Overview, Vol 10, Issue 1


Saito et al treated 29 one-year-old beagles (15 males, 14 females) with incadronate at doses of 0.3 or 0.6 mg/kg/day orally for 3 years. A cortex of a rib was fractionated into low and high density portions. Calcium, phosphorus, and pentosidine contents and the ratio of mature to immature crosslinks increased with incadronate in a dose-dependent manner, but the total amount of enzymatic crosslinks was unchanged. The pentosidine content correlated inversely with cortical activation frequency. Long term suppression of bone remodelling by bisphosphonate increases degree of mineralization, collagen maturity, and nonenzymatic crosslinking. Osteoporos Int 2008;19:1343-54

Sunyecz et al report women ≥45 years of age and who filled a new bisphosphonate prescription during years 2000-2002. In 32,944 women who filled a new prescription for daily or weekly alendronate (n=26,581) or risedronate (n=6,363), at 3 years, 37% were compliant and 21% were persistent. Unadjusted total mean healthcare costs were lower for the compliant vs. noncompliant and persistent vs. nonpersistent cohorts. Total healthcare costs were reduced by 8.9% for persistent patients (p<0.001) and 3.5% for compliant patients (p=0.014). Persistence decreased the likelihood of inpatient admission by 47%. Osteoporos Int 2008;19:1421-9

Iwamoto et al report 49 female rats, 3 months of age, were randomized into five groups according to control, glucorticoid (GC), GC+vitamin K2, risedronate, or vitamin K2+risedronate. At the end of the 8 weeks, GC decreased percent cortical bone area and increased percent marrow area as a result of decreased periosteal bone formation, and increased endocortical bone erosion, and increased cortical porosity. Vitamin K2 prevented a reduction in periosteal bone formation but did not affect percent cortical bone and marrow areas. Risedronate prevented a reduction in periosteal bone formation and an increase in endocortical bone erosion, resulting in prevention of alterations in percent cortical bone and marrow areas. Both increased osteocyte density and lacunar occupancy and prevented a GC-induced increase in cortical porosity. Vitamin K2 and risedronate had additive effects on osteocyte density and lacunar occupancy and a synergistic effect on cortical porosity. Calcif Tissue Int 2008;83:121-8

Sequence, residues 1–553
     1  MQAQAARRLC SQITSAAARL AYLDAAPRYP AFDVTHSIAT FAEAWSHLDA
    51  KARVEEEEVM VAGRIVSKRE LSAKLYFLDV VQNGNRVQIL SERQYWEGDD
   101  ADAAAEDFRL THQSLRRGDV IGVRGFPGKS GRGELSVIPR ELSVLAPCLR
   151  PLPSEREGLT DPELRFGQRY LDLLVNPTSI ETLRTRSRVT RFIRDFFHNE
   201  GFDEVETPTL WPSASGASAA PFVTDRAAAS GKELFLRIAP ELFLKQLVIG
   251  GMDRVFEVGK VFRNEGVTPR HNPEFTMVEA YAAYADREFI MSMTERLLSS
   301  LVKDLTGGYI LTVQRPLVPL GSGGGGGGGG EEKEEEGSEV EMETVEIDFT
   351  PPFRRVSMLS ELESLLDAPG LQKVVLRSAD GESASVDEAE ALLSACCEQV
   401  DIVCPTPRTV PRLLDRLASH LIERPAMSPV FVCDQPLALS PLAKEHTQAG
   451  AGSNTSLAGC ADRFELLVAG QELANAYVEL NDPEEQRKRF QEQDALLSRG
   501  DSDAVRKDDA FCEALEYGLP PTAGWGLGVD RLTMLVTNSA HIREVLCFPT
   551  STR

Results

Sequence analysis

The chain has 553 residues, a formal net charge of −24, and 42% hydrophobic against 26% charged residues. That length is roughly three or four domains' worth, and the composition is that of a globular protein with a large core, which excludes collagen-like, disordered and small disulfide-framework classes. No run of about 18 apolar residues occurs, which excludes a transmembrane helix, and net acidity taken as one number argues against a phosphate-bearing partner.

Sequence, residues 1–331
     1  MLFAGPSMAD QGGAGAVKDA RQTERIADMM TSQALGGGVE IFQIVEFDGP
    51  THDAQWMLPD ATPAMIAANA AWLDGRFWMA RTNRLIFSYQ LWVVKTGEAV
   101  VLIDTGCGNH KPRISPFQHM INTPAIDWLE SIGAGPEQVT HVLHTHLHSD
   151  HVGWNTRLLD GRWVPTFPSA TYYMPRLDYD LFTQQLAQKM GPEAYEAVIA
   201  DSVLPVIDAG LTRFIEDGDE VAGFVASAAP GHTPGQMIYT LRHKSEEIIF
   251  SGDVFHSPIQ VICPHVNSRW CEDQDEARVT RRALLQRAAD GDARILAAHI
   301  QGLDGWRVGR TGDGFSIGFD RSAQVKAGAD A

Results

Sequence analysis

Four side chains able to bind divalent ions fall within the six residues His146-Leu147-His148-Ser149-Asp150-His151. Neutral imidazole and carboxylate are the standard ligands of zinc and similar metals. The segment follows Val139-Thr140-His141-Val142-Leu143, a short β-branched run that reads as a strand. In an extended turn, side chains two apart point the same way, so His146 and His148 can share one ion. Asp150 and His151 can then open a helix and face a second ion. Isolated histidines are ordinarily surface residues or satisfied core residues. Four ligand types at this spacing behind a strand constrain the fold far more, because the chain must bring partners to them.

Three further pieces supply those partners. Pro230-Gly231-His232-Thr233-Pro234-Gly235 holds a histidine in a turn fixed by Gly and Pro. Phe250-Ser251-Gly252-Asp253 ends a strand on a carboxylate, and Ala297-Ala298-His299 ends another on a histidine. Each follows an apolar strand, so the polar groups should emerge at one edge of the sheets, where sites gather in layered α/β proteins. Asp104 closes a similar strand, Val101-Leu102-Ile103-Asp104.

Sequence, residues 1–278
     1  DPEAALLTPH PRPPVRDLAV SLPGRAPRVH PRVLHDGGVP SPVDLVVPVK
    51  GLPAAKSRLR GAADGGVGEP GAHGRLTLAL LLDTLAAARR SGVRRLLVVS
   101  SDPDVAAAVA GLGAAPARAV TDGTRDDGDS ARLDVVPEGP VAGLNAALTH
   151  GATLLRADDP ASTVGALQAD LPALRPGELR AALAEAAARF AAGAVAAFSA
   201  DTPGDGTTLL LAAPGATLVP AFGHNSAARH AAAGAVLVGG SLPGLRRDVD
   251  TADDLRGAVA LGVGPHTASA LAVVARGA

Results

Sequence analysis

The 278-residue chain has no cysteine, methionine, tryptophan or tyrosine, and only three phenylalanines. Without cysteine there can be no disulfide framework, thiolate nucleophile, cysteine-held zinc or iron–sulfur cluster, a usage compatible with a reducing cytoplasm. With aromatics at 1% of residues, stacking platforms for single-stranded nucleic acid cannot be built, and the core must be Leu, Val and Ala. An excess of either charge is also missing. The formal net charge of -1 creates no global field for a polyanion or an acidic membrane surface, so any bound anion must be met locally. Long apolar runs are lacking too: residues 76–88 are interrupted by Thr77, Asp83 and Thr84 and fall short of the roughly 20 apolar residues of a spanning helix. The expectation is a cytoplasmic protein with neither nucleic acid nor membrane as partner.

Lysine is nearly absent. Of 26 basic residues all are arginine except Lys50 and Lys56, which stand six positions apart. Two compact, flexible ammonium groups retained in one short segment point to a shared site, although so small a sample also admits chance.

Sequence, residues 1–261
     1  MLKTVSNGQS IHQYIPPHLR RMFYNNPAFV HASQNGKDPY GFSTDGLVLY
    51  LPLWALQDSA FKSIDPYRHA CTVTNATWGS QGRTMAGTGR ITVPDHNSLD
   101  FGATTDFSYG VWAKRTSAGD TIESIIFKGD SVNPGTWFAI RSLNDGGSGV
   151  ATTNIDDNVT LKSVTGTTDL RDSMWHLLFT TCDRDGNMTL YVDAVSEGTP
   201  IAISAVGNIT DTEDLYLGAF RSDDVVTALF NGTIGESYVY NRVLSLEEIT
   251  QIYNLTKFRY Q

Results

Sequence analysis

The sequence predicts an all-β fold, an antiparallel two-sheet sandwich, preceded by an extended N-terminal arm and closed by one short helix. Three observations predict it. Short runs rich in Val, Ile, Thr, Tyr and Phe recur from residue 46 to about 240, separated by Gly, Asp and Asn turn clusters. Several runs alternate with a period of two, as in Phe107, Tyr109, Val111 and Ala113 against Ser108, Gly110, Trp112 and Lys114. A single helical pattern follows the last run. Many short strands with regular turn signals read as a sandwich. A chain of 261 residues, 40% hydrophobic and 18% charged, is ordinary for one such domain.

Syed et al reanalysed bone biopsies from a randomized, placebo controlled trial involving 56 postmenopausal osteoporotic women (mean age, 64 years) treated with placebo (n=27) or transdermal estradiol (E) (0.1 mg/d, n=29) for one year. Adipocyte volume/tissue volume (AV/TV) and adipocyte number increased by about 20% in the placebo but was unchanged or decreased in the E group. E also prevented increases in mean adipocyte size over one year. Osteoporos Int 2008;19:1323-30

Strontium ranelate in ovariectomized rats (25 or 150 mg/kg/day) for 90 days did not increase bone formation on trabecular or periosteal bone surfaces, and failed to inhibit bone resorption of trabecular bone regardless of Ca intake. There were no improvements in bone mass, volume or strength with either dose of strontium ranelate given normal Ca. Osteoporos Int 2008;19:1331-41

Whyte et al report that prolonged bisphosphonate in children produced bone fragility. A 12-year-old boy developed osteopetrosis (OPT) receiving pamidronate.  Now 17 years of age, he had further fractures of a metacarpal, an osteosclerotic distal radius, and a dense diaphyseal ulna "chalkstick" break that remained incompletely healed after 2 years. Modelling disturbances of OPT persisted. Metaphyseal osteosclerosis had remodelled imperfectly. Newer metaphyseal bone was osteopenic, with thin cortices and a paucity of trabeculae. Femoral necks had become short and wide. A "bone-within-bone" configuration was present. In vertebrae, endplates were thin, and trabecular osteopenia was present. BMD Z-scores assessed by DXA had decreased into the normal range. J Bone Miner Res 2008;23:1698-707

Mori et al studied female cynomolgus ovariectomized monkeys and given minodronic acid which inhibited bone turnover markers and the decrease in lumbar vertebral BMD. Ultimate load on lumbar vertebral bodies and femoral neck of the OVX-control animals were reduced compared to the sham. Minodronic acid prevented and perhaps reversed some of these reductions in strength and maintained trabecular architecture. Bone 2008;43:840-8